BORAGE (Borago officianlis)

By The Old House Web

BORAGE (Borago officianlis)

The cucumber-flavored leaves are used fresh in salads, drinks, and soups, or cooked in stews. They are also sometimes brewed into a tea or prepared like spinach. The colorful blossoms can be added to summer drinks, deserts, and salads; candied for decoration on cakes; brewed to make a mild, spicy tea; or added to potpourris.

This is a decorative annual with 4-to 5-inch coarse, hairy leaves that can cause a skin rash. The plants usually reach a height of 2 to 3 feet, have a spread of 1 to 3 feet, and bear clusters of blue, star-shaped flowers from midsummer to frost.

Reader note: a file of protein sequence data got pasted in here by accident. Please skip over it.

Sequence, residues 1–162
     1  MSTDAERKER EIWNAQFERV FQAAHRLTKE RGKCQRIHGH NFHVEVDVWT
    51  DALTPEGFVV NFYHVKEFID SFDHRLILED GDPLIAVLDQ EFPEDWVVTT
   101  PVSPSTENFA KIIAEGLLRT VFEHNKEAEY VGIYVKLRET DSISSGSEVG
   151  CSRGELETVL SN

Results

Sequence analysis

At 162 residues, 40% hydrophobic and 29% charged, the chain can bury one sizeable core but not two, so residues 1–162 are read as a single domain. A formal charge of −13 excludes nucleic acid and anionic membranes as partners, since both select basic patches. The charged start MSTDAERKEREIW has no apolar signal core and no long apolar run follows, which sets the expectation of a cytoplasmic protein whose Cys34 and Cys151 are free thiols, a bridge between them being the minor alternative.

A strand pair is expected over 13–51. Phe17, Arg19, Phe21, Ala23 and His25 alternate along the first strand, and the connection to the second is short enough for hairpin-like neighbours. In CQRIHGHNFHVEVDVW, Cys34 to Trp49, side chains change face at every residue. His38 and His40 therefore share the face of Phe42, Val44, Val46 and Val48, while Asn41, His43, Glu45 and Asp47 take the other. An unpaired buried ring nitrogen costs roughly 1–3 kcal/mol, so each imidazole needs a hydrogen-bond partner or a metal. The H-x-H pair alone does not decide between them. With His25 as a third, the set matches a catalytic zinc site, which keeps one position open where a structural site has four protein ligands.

Sow the seed in early spring after danger of frost is past. The plants prefer a sandy, moist soil in full sun. When the seedlings reach 4 inches tall, thin them to 2 feet apart. Borage reseeds itself liberally. Harvest young leaves before they become coarse; use them fresh or freeze them for later use. The flowers can be harvested at any time.

SOURCE: James C. Schmidt Department of Horticulture Michigan State University

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